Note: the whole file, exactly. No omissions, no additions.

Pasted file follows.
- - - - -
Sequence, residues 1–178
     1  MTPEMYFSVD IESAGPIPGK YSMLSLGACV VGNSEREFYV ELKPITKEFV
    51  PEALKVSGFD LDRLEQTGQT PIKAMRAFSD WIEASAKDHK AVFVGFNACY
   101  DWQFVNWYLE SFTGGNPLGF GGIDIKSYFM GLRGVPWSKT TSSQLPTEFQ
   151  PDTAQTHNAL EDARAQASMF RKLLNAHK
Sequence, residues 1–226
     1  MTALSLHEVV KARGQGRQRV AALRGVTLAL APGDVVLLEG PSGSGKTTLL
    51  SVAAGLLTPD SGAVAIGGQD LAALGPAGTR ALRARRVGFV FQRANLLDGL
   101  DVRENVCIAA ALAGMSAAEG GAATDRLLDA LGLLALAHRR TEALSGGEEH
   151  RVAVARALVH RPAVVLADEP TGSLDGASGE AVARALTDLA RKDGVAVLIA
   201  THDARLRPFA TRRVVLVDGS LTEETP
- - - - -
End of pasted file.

Sequence, residues 1–178
     1  MTPEMYFSVD IESAGPIPGK YSMLSLGACV VGNSEREFYV ELKPITKEFV
    51  PEALKVSGFD LDRLEQTGQT PIKAMRAFSD WIEASAKDHK AVFVGFNACY
   101  DWQFVNWYLE SFTGGNPLGF GGIDIKSYFM GLRGVPWSKT TSSQLPTEFQ
   151  PDTAQTHNAL EDARAQASMF RKLLNAHK
Sequence, residues 1–226
     1  MTALSLHEVV KARGQGRQRV AALRGVTLAL APGDVVLLEG PSGSGKTTLL
    51  SVAAGLLTPD SGAVAIGGQD LAALGPAGTR ALRARRVGFV FQRANLLDGL
   101  DVRENVCIAA ALAGMSAAEG GAATDRLLDA LGLLALAHRR TEALSGGEEH
   151  RVAVARALVH RPAVVLADEP TGSLDGASGE AVARALTDLA RKDGVAVLIA
   201  THDARLRPFA TRRVVLVDGS LTEETP